George Lucas Educational Foundation
Student Engagement

How to Use Emojis in Teaching

The fun little characters can add visual cues to student assignments and help you manage classroom routines.

January 5, 2022
Illustration concept for choosing emojis
Mitch Blunt / Ikon Images

Do your students love using emojis? While they might seem silly on the surface, emojis can definitely pack a punch. Why not incorporate them into your teaching?

Here are some ideas that go beyond the popular or common ways we use emojis (in text messages, comments, and social media posts) and connect to projects and routines you might already be using in your classroom.

Using Emojis in the Classroom

Bullets on anchor charts: If you’re making anchor charts in your class, use emojis instead of a traditional bulleted list. For example, as a classroom teacher I used to put lots of reference materials on chart paper for students, including resources to support student writers. Print out emojis (making them larger) or draw emojis on your chart paper.

Sharing feelings: Another way to use emojis is to have students choose an emoji that illustrates their feelings. For example, give students a selection of emojis to choose from each day, and give them an opportunity to record or write about their feelings. Or you can use a tool like Emoji Finder that lets students type in keywords and see different emojis that connect to their feelings.

Rating experiences: Just as we might give a five-star rating to an online shopping experience or a ride service, students can rate experiences using emojis. Whether it’s a star emoji, the fire flame emoji, or another favorite, they can rate how much they enjoyed a class read-aloud, the outcome of a science experiment, a field trip, or any other experience.

Peer feedback: Encourage students to add emojis, just one or two, to any comments or feedback they give to their classmates. They can use an emoji keyboard on their device or an online tool, such as the one above, for finding the perfect emoji to add to their comment before posting their thoughts.

Labeling folders: Emojis can work for you, as well. Add emojis to your folders in Google Drive, Dropbox, and OneDrive, or anyplace you’re adding a new title to a folder or file. Emojis can help you find what you’re looking for faster.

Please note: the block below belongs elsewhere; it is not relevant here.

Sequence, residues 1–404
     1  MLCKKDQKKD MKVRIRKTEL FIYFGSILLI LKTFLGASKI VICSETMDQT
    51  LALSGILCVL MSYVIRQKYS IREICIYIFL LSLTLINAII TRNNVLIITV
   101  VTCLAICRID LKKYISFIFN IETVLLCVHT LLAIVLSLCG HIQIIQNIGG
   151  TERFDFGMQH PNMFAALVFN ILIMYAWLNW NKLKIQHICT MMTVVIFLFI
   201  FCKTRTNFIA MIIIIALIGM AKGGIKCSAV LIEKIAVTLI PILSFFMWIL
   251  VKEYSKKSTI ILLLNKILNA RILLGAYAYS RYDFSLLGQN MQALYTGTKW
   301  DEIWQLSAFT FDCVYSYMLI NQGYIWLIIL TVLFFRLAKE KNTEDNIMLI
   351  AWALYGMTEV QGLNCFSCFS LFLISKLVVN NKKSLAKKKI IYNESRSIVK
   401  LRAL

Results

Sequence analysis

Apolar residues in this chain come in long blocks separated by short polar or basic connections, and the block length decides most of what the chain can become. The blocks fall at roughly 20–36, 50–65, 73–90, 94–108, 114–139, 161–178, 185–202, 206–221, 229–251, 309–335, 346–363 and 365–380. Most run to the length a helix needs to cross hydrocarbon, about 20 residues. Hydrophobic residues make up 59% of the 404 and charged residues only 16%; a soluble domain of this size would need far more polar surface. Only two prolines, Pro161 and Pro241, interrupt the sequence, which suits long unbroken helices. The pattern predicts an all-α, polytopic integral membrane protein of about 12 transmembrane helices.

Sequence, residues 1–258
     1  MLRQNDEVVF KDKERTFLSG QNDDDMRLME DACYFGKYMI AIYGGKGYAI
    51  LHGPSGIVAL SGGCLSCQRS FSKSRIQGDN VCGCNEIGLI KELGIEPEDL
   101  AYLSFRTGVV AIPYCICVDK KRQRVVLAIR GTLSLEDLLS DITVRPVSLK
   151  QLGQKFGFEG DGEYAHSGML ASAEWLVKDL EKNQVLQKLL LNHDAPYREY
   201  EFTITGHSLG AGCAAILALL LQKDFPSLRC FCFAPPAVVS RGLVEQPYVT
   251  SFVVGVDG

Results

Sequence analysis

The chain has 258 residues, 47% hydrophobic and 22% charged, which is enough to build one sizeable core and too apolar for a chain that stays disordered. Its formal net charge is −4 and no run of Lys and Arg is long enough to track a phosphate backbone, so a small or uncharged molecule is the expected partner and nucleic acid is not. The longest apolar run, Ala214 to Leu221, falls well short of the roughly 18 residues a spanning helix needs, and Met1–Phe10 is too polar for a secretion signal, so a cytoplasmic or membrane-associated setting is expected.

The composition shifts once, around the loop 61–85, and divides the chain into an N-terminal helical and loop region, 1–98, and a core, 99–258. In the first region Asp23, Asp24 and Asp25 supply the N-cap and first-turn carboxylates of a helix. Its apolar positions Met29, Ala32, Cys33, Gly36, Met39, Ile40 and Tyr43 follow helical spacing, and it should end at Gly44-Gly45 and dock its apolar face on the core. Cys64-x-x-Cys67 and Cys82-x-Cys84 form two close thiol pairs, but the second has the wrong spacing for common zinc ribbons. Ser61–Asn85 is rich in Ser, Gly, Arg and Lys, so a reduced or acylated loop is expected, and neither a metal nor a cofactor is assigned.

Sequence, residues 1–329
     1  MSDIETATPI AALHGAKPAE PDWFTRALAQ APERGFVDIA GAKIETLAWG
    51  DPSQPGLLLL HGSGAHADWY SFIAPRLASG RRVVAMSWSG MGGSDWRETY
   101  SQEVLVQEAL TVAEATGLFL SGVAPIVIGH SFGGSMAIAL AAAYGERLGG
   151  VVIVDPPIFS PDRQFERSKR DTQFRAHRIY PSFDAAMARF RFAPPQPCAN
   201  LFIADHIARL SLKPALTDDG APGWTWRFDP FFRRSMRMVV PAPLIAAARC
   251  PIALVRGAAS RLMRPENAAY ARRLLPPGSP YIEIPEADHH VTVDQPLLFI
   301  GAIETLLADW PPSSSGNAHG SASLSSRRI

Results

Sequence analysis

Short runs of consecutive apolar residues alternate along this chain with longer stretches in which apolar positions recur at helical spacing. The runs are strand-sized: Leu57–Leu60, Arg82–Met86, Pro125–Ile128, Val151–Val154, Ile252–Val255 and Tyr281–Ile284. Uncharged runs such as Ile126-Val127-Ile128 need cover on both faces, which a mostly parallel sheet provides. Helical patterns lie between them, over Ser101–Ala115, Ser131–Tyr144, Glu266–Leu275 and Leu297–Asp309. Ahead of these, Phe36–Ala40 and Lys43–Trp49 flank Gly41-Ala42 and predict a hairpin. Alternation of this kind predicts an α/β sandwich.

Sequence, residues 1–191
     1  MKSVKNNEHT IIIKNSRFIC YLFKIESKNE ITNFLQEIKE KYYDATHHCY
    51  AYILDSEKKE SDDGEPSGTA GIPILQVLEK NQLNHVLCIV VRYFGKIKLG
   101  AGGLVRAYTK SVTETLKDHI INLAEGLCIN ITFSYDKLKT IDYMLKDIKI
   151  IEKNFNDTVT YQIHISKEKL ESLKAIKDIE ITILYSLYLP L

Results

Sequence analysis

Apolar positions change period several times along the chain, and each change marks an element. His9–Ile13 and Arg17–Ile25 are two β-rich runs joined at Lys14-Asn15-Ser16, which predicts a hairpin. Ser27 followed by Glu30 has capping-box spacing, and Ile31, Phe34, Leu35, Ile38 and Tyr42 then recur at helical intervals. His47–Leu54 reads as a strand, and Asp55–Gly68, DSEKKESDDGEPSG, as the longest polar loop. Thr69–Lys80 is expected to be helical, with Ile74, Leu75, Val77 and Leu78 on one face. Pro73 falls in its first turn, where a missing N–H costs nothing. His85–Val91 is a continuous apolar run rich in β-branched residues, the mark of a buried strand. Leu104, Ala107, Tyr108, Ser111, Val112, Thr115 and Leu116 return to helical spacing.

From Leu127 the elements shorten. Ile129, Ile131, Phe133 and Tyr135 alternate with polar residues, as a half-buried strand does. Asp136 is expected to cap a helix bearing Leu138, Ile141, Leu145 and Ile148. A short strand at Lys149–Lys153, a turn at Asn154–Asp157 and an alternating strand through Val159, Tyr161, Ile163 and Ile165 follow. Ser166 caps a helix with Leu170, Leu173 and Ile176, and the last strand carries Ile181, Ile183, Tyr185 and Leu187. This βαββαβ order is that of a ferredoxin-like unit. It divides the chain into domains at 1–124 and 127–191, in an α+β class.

Organizing information: Students can organize their work using emojis, too. For example, they can include emojis as part of the headers for different categories of information as they conduct research, or they can use emojis alongside their comments in the margins of the text they read, for quick access.

Retelling a story: Students can retell stories or short excerpts of text using emojis as part of their retelling. Ask them to choose one emoji that goes with each sequence of a story, "first, next, then, and last.” If they’re creating a retelling with emojis that connect to their own stories, this might even be an opportunity for students to play a guessing game with their classmates.

Giving directions: In the same way that we recognize a logo of a company before we read their corresponding social media post, emojis are visual cues for students. If you’re posting directions for a task like a do-now or exit slip on an interactive board in your classroom or as a post in a learning management system, adding emojis can help break up information and provide a visual cue for directions.

Add to infographics: Have students use emojis as the icons that go along with the information they share on an infographic. This is a great way to connect visuals to any research they do themselves or data they want to represent in an infographic. In my book, EdTech Essentials: The Top 10 Technology Strategies for All Learning Environments, I discuss infographics and other favorite student project ideas.

Indicate patterns: Emojis are a great option for having students represent patterns. This could be part of a coding course or an opportunity for students to annotate the patterns in poetry. For example, if you explore ABABAB patterns, ask students to use emojis to represent the patterns.

Annotating a passage: Your students might be familiar with using color coding to annotate a passage, whether they use physical highlighters or have access to a few colorful digital tools. Introduce the idea of annotating a passage by adding emojis next to the text. You can give students a lot of flexibility for annotating with emojis or model for them how to use just a selection of emojis as part of a regular annotation routine.

There are many creative ways to use emojis—I share a few more on this episode of the Easy EdTech Podcast—and I hope the above list will help you get started.

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